Customer-Developed, Hyper-Convergent Design Flows Are Now Possible

Creating unique design flows based on a unified, shared data model.


We all know the days of sequential, compartmentalized chip design are over. In advanced technology nodes, placement impacts performance, performance impacts power, and routing impacts everything. The way to manage these challenges is to interleave design tasks. For example, provide information on late-stage routing to early-stage synthesis tools to improve convergence. This technique is commonly referred to as shift-left. Traditionally, this technique requires the lengthy process of transferring specific technology pieces across tools to fulfill only a certain flow requirement. While useful, each customer’s design flow is unique, and applying the same flow limits its effectiveness. The ability for design teams to create their own custom, hyper-convergent design flow easily, based on a unified, shared data model has been out of reach. Until now.

The foundation
The path to customer-developed, hyper-convergent design flows began in 2018 with the announcement of the Synopsys Fusion Compiler RTL-to-GDSII solution.  With this introduction, a truly integrated RTL-to-GDSII product architected with a single, scalable data model became available for the first time. The implementation engines were written from the ground-up to deliver a true RTL-to-GDSII design flow. The best optimization engines were consolidated into a unified super engine. Moreover, trusted industry golden signoff engines were integrated with the common data model to deliver a design flow that is signoff-correlated by construction. These proven engines could now be directly accessed anywhere in the Fusion Compiler flow.

This RTL-to-GDSII solution paved the way for high productivity and flexibility for our customers. 20 percent better quality of results and 2X faster time-to-results were reported, but this was only the beginning. Thanks to the single, scalable data model, a unified shell was now possible, one that controls all aspects of the RTL-to-GDSII process. It was this series of innovations that created the perfect storm for customer innovation.  Now, for the first time, customers could create their own hyper-convergent design flow based on their specific needs. The results have been quite exciting.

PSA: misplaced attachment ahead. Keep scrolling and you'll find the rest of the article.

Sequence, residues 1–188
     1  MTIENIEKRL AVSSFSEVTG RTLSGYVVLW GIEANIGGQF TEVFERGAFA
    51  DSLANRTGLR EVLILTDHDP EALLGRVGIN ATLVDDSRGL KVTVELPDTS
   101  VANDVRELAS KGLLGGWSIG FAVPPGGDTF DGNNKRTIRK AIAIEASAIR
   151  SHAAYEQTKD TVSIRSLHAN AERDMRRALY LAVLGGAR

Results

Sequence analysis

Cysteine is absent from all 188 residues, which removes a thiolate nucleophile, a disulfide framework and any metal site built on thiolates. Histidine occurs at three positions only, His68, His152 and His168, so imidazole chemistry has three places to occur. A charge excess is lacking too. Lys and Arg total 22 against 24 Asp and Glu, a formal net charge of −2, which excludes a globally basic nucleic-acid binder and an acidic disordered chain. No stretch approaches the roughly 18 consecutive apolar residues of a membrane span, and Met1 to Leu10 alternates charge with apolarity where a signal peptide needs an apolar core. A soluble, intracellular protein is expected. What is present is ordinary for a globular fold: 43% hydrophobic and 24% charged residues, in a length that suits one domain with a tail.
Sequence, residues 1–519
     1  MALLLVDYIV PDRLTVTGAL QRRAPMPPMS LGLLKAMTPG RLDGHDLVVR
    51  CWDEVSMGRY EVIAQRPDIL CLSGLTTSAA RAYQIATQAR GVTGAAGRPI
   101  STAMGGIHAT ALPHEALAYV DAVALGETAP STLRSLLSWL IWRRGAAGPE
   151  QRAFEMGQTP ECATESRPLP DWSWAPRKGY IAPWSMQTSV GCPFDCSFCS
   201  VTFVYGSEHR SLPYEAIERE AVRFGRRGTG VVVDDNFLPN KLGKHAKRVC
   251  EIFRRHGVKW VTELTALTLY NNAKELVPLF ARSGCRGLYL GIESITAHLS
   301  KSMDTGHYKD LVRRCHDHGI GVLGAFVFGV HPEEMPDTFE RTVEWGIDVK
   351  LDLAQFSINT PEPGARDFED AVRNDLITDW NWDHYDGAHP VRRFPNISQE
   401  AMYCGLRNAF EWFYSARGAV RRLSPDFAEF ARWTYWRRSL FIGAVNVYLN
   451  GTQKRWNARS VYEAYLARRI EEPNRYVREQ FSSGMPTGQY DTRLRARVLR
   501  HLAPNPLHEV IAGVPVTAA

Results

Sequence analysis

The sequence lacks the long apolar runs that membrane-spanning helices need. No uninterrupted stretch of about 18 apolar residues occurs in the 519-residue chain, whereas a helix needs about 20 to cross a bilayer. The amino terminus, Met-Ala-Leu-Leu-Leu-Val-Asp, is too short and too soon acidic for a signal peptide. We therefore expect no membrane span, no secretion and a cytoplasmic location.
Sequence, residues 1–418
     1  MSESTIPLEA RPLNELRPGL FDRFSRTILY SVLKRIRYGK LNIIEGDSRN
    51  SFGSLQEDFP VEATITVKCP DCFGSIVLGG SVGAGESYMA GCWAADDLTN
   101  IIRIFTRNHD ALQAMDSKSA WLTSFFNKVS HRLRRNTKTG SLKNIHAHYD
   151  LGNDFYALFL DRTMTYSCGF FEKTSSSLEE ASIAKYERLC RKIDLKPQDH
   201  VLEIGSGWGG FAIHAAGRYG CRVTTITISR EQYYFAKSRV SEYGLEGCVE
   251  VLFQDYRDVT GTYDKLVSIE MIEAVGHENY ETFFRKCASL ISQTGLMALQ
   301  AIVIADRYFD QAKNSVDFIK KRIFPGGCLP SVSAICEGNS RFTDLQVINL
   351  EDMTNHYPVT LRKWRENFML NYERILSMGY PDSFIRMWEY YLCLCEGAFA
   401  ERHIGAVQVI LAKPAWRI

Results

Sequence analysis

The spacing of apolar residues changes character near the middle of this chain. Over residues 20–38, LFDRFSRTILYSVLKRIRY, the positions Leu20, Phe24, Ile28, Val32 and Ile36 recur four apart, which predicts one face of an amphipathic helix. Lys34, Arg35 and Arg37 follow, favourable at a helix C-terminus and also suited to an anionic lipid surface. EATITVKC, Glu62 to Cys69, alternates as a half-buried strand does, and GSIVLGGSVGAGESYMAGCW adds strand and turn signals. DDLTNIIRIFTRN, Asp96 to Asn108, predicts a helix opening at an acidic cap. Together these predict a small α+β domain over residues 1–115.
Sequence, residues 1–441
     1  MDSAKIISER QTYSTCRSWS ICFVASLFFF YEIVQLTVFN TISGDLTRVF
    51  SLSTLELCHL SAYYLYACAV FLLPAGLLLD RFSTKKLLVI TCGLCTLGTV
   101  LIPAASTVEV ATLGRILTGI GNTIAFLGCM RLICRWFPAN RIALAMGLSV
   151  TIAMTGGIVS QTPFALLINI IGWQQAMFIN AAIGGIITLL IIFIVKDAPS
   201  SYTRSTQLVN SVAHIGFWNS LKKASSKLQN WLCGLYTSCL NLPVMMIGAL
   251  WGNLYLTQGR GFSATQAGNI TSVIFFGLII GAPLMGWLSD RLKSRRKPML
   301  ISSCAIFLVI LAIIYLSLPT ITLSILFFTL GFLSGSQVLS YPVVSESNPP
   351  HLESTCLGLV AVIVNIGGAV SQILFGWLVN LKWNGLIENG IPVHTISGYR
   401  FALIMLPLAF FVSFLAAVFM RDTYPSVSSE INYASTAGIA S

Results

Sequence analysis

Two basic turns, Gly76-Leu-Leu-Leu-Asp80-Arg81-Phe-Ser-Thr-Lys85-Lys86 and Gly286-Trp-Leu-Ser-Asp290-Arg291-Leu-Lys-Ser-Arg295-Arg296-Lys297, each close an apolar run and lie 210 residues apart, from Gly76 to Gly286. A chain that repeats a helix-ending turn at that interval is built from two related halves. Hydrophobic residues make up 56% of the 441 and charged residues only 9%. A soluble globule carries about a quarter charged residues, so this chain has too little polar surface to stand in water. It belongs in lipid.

The emergence of customer-developed, hyper-convergent design flows
Change is never easy. Stepping away from a tried-and-true way of doing anything is difficult. Chip design flows certainly fit this pattern. Design teams develop scripts, verify technology files, and validate results over years for highly complex design tasks. Moving to something new, even if it holds the promise of dramatic improvements and competitive advantage, is a gradual and careful process.

To begin with, customers started moving existing stitched-together design flows onto the singular platform to gain immediate software architectural-based PPA and efficiency benefits.

As the early wave of customers settled into production deployment, several were ready to open the door on a new chapter in chip design. One where the customer is now in control of how to harness design flow convergence to build the best chip possible. What follows are some examples of what true customer innovation looks like.

Unified physical synthesis for improved physical correlation 
A mobile semiconductor company wanted to unify synthesis and placement, including auto-floorplanning. Using the Fusion Compiler unified shell, they created a unified physical synthesis flow with the goals of:

  • Better PPA
  • Faster runtime
  • Improved correlation

The figure below summarizes the results achieved on an Arm Cortex-A73 design. Substantial improvements across the board.

Pre-synthesis design planning for improved convergence
A high-performance computing company wanted to pre-route and buffer critical nets over RAMs in pre-synthesis. The goals here were:

  • Better timing and improved congestion for critical nets
  • Avoid the need to stitch multiple tools/shells

Again, using the Fusion Compiler unified shell this flow was developed. The figure below summarizes their results. Another case of substantial gains through methodology innovation.

Pre-placement clock synthesis for improved timing correlation
A datacenter networking company wanted to create early H-tree clock trunks prior to placement. The goals here were:

  • Better PPA
  • Improved timing convergence

The figure below summarizes their results using the Fusion Compiler unified shell. Another win with 50% better total negative slack (TNS).

Placement-based logic optimization for improved PPA
A mobile GPU company wanted to perform logic restructuring optimization during placement. The goals here were:

  • Better quality of results, faster runtime
  • Improved design input for clock tree synthesis

The figure below summarizes their results. Again, significant improvements across the board. All goals were achieved.

What’s next
Machine learning and prediction can bring significant benefits to a chip design flow. For example, Fusion Compiler uses machine prediction to speed up the path to the best optimization solution, and to prevent DRC/timing surprises downstream. Machine learning effectiveness is directly dependent on the quality of the training data. In addition to the big data accumulated in previous design iterations or past projects, we have the opportunity to reinforce training data early in the flow, within the same run, on the current design revision, that will be extremely relevant for downstream operations.

We applaud the customer results presented here and are ready to help other customers move into the new world of customer-developed, hyper-convergent design flows. The freedom to innovate at the design flow level is now available to all customers. You can learn more about the Synopsys Fusion Compiler here.

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